I don’t want to give the impression I’m anti-technology here. Someone whose home has its own operating system has no place going on any sort of anti-tech rant. My point in all this is that, going forward, I’m going to focus more on tech upgrades that alleviate frustrations from my life rather than give me a quick dose of dopamine and long-term stress.

tech gadgets--Ecobee thermostat

My Ecobee thermostat, for example? It gives me all sorts of fascinating readouts and data to peruse. It feeds my dopamine pathways by rewarding me for making slight tweaks to my programming, informed by the charts and graphs it generates each month. In the end, though, all of that fuss saves me mere pennies. My time and energy are better spent letting it do its own thing. In other words, as with most of the technology in my life, I’m happier when it disappears—when it doesn’t call for my constant attention.


I’m generally not one for New Year’s resolutions, but I’m making one this year: Any new tech I add to my home (and believe me, there’ll be plenty) must meet that criterion. It must remove stress from my life, not add to it. So, instead of that shiny new iPhone X I’ve been drooling over and absolutely don’t need? I think I’ll add a motion sensor to my shower instead, to automatically turn on the bathroom vent fan when I bathe, which I always forget to do on my own (much to the displeasure of the missus). Instead of upgrading my Control4 remote in the bedroom to the latest model? I think I’ll add a second remote to the media room, so my wife and I stop bickering over the one in there now.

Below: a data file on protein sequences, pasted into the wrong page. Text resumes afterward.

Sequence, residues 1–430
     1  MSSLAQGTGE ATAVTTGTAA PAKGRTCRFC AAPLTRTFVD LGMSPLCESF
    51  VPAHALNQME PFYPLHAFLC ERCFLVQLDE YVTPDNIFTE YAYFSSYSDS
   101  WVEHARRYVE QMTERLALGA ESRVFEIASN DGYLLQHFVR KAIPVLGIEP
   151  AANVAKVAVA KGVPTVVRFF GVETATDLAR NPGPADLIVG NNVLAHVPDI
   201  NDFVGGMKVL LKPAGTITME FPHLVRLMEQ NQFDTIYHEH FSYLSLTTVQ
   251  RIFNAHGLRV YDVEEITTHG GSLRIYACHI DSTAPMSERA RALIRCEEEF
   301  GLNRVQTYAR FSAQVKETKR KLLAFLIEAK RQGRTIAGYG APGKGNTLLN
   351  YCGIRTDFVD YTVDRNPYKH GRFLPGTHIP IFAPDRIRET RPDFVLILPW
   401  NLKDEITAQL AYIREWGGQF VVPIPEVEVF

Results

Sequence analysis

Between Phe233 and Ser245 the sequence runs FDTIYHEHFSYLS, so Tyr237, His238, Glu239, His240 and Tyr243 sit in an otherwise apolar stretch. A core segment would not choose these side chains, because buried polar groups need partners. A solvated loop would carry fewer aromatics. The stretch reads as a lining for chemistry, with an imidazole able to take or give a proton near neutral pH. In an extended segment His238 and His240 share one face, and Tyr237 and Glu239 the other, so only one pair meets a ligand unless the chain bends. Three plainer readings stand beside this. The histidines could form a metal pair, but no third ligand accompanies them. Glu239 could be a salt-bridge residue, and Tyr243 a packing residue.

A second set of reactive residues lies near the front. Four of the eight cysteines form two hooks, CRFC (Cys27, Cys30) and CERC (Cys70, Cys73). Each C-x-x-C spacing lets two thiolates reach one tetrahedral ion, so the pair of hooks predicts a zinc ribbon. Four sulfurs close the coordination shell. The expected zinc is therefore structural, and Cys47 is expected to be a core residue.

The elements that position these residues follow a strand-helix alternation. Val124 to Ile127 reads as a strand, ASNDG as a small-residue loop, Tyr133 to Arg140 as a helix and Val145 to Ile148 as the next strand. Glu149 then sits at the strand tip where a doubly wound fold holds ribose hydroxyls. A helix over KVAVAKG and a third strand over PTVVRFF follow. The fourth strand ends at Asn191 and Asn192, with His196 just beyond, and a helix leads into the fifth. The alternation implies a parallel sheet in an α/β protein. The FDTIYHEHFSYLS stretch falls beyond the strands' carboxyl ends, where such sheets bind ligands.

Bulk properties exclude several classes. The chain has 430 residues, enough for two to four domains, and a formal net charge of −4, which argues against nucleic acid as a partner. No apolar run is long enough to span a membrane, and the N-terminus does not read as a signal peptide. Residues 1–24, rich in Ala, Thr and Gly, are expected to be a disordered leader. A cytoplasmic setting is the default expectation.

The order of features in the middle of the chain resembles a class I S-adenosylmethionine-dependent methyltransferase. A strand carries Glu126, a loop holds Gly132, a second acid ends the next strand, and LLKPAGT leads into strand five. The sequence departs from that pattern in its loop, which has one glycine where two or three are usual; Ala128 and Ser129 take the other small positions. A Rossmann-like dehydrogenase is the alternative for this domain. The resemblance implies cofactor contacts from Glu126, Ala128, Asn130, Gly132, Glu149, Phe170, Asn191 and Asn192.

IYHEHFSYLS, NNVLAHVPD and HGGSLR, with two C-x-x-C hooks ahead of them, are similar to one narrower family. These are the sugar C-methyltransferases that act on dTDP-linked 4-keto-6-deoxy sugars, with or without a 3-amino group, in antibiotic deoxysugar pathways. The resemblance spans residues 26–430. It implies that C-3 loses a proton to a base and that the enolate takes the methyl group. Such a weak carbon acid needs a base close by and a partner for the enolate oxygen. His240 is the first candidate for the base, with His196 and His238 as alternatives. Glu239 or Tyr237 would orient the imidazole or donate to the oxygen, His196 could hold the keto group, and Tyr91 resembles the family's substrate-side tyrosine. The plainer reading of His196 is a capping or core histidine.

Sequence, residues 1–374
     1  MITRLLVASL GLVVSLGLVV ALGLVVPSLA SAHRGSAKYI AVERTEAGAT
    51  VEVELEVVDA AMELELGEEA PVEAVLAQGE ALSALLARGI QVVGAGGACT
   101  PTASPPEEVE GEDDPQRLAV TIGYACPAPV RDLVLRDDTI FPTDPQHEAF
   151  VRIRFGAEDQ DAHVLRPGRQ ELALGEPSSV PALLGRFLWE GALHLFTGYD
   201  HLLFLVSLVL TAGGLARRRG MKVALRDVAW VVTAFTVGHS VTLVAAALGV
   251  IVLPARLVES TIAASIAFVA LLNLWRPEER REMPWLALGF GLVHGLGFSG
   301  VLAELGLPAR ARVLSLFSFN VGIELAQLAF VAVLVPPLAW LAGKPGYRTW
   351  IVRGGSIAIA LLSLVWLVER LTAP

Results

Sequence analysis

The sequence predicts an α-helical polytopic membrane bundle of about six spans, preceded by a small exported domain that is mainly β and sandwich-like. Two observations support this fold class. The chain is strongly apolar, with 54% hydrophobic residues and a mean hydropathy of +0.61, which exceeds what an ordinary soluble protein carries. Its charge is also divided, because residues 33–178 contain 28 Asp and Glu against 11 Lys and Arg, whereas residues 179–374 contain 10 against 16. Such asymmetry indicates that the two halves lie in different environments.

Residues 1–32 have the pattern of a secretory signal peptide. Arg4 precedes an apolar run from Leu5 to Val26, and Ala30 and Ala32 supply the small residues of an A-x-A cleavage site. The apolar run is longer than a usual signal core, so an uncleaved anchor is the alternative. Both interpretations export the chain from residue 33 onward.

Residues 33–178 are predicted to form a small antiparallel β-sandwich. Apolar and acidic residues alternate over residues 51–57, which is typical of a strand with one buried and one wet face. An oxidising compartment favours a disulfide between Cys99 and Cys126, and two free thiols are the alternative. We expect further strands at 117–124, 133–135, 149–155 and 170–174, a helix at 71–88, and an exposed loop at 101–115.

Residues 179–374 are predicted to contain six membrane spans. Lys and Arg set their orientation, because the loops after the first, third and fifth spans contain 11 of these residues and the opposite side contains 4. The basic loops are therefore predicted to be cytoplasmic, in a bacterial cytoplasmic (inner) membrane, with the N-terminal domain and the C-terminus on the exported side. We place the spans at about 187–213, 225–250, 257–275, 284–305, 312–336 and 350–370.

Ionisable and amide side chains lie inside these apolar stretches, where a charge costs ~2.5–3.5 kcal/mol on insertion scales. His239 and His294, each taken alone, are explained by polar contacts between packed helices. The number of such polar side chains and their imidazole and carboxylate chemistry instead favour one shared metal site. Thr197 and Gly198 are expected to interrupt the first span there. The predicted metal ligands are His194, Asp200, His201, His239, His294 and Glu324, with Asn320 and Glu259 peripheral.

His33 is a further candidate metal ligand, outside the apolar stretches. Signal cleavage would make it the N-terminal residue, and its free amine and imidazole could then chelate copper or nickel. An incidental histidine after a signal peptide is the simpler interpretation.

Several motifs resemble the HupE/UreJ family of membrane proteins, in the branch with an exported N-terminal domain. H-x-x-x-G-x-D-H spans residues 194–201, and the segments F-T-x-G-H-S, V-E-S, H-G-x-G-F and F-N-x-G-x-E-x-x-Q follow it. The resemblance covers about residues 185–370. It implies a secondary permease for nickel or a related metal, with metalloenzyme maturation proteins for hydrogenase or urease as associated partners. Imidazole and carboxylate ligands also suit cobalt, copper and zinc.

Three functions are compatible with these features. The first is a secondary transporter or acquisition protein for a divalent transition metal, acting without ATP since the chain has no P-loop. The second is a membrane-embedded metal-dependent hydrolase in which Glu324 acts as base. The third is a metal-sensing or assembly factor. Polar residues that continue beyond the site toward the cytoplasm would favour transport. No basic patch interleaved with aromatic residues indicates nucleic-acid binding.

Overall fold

In other words, all new tech purchases this year will be made with an eye toward happiness, not pleasure. Because I never realized before just how much those two emotions conflict with one another.

—Dennis Burger

Dennis Burger is an avid Star Wars scholar, Tolkien fanatic, and Corvette enthusiast
who somehow also manages to find time for technological passions including
high-end audio, home automation, and video gaming. He lives in the armpit of
Alabama with his wife Bethany and their four-legged child Bruno, a 75-pound
American Staffordshire Terrier who thinks he’s a Pomeranian.

Merry Techfest!